Stress Analysis Overview
The stress analysis must include, but is not limited to, the following elements:
An analysis showing that all models, including mountings and emergency restraint systems, are statically and dynamically stable and free from divergence throughout the model test envelope (refer to Model Support Systems).
Aerodynamic derivatives used in the analysis, their source, and a discussion of the consideration given to effects of Reynolds number, Mach number, surface condition, etc.
Source and range of mass and inertia parameters, including cross-coupling terms such as Ixz and support-system stiffness coefficients.
Parametric variations of significant design variables; i.e., tension-to-weight ratio, center-of-gravity location, pulley locations, etc., to establish sensitivity.
Stresses or Loads
Allowable stresses are the lessor of the material ultimate stress divided by a safety factor of 4, or the material yield stress divided by a safety factor of 3.
The stress analysis is to show that allowable stresses or loads are not exceeded for the worst load case, including but not limited to:
Dynamic factors that could result from separated flows in wakes, on model surfaces or components, etc.
Thermal stresses due to factors such as cold or preheated air used in some propulsion tests
Stress concentration factors
Wind tunnel starting loads
Maximum operating loads
Forces and Moments
Each detailed analysis section should contain a sketch showing forces and moments acting on the part and a statement of:
Type and heat treat condition of the material
Pertinent drawing number
In all calculations, the general equations and their source must be given before substituting numerical values.
Give shear and moment distribution diagrams resulting from worst-case pressure distribution.
Define section properties of the structural member for shear, axial load, bending, and torsion at an adequate number of stations to facilitate a check on the location of the designated critical sections.
All parts with lifting surfaces (such as vertical stabilizers, pylons, and struts) that are designed for operating only at zero angle of attack must be checked for air loads of ±2 degrees.
Static Test Instead of Stress Analysis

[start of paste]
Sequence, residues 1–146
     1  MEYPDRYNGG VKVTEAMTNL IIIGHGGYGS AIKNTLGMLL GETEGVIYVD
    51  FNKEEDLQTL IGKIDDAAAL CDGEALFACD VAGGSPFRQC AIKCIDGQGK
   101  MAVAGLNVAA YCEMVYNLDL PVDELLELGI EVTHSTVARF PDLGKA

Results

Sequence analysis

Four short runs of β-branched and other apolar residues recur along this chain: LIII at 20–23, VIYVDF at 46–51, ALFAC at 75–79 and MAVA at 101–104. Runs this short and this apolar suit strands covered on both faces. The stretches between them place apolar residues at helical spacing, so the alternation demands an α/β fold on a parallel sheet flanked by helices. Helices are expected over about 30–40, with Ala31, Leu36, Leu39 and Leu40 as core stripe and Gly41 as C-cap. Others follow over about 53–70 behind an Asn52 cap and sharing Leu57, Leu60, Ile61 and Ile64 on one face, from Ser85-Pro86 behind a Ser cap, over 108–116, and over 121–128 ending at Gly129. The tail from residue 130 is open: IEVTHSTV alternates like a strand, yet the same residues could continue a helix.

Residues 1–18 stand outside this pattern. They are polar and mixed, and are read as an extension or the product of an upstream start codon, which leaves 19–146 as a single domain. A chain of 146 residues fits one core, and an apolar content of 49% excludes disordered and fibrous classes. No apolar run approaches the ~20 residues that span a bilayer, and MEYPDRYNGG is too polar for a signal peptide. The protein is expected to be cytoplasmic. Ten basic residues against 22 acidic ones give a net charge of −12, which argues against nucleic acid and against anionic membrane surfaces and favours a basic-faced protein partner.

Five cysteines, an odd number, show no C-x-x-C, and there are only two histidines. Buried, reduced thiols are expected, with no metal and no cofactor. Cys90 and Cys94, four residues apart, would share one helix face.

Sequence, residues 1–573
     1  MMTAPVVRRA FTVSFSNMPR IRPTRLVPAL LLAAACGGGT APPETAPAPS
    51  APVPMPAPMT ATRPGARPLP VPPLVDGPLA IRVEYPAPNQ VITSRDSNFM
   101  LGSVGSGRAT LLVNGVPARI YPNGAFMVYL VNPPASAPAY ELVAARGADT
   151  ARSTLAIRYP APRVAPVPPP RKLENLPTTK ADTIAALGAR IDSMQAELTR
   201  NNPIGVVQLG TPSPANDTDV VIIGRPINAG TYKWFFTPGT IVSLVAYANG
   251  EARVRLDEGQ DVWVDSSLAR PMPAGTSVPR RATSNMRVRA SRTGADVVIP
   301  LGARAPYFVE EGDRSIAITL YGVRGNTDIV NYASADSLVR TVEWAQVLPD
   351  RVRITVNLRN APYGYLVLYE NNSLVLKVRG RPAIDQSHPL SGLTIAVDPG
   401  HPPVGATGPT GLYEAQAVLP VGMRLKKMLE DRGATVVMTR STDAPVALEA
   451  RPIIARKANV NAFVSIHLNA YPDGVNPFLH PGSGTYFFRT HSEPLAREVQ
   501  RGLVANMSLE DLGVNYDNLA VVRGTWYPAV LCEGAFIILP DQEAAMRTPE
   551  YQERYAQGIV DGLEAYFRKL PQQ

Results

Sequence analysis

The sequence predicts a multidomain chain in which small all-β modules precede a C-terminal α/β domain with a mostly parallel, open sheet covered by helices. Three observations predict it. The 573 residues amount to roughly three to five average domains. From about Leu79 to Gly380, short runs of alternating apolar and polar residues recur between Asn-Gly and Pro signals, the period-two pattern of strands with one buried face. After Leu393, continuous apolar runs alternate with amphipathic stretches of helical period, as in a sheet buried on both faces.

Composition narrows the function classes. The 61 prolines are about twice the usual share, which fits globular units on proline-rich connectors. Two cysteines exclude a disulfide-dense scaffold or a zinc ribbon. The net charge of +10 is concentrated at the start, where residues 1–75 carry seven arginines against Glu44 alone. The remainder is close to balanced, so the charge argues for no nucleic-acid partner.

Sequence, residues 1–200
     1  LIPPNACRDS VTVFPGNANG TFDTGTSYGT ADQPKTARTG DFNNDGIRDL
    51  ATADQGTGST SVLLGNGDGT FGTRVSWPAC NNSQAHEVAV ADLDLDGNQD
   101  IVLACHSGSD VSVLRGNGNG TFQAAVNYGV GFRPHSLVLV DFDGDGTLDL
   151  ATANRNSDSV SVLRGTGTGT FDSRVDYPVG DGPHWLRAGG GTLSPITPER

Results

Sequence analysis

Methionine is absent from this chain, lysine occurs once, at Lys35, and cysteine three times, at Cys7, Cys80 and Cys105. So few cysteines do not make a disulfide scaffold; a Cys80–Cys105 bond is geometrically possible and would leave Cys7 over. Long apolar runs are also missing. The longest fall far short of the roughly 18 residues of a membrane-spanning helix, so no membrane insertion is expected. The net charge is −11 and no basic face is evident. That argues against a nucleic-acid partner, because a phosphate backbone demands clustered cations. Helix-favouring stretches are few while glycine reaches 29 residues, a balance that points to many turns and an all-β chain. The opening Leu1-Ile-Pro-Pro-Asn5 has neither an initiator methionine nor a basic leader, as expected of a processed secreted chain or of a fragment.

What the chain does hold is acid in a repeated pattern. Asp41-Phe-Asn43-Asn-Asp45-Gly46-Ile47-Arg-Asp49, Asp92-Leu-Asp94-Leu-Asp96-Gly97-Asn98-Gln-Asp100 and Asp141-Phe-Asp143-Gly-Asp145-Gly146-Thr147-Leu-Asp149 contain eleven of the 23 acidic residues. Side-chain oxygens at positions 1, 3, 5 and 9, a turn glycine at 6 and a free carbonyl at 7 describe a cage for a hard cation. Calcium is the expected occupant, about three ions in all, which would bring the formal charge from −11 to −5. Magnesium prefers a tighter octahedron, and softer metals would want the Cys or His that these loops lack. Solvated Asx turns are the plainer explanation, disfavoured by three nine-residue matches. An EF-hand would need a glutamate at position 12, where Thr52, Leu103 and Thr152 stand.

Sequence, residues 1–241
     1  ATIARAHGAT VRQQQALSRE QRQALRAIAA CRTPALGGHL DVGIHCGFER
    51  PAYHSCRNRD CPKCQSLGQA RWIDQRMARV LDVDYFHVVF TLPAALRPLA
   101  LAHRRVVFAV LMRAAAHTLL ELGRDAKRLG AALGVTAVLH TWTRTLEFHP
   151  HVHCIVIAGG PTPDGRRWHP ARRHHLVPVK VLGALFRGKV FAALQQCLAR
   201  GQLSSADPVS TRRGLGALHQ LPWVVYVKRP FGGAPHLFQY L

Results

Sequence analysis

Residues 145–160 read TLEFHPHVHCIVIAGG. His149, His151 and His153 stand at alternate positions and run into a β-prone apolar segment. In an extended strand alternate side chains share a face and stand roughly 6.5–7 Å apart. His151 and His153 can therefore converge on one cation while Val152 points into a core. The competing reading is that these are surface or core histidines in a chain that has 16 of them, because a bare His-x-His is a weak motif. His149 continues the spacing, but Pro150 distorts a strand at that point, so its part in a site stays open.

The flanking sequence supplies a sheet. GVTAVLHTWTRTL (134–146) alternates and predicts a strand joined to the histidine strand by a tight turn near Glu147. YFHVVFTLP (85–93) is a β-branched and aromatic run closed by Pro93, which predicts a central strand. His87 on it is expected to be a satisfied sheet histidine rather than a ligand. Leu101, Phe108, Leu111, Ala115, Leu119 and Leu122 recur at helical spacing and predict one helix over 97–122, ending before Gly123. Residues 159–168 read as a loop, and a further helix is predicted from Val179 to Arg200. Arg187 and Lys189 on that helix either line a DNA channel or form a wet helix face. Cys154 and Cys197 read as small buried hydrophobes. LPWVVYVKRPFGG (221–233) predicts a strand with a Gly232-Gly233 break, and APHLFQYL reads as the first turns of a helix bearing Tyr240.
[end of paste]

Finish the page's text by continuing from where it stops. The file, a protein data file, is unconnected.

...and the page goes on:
Static tests may be accepted in lieu of a stress analysis under the following conditions:
If the load on the component in question can be directly and continuously monitored, the stress tests will be carried to twice the predicted operating load, and measured deflections must not indicate a permanent deformation. These tests must be witnessed by facility personnel.
If the load on the component in question cannot be directly and continuously monitored (for example slats, ailerons, elevators, rudders, flaps), the static test must be carried to three times the predicted load without permanent set.
Following static testing, nondestructive inspection techniques are required to validate the structural integrity of the component.
Gauged Components with Stress Analysis
If the load on the component in question can be directly and continuously monitored, a safety factor of three (3) or greater, calculated using the allowable tensile stress (Ftu), is required in the stress analysis.
If the model safety factors cannot be met (4.0 for ultimate and 3.0 for yield), contact the Test Manager to discuss the possibility of reducing (waiving) these requirements. Examples include tests of actual flight components, dynamically similar models, or aeroelastic models. Compensation for the safety factor reduction could include additional instrumentation, closely monitoring critical areas, provision of safety catches, or special proof loadings.
The provisions of this paragraph can only be implemented by waiver approval. See also Model Acceptance Criteria.
Previously Tested Components
Stress analysis must be submitted for all components to be tested in Ames facilities, even if they have been tested at Ames before. The customer must revise previous stress reports of previously tested models to incorporate any new worst-case loads for each component.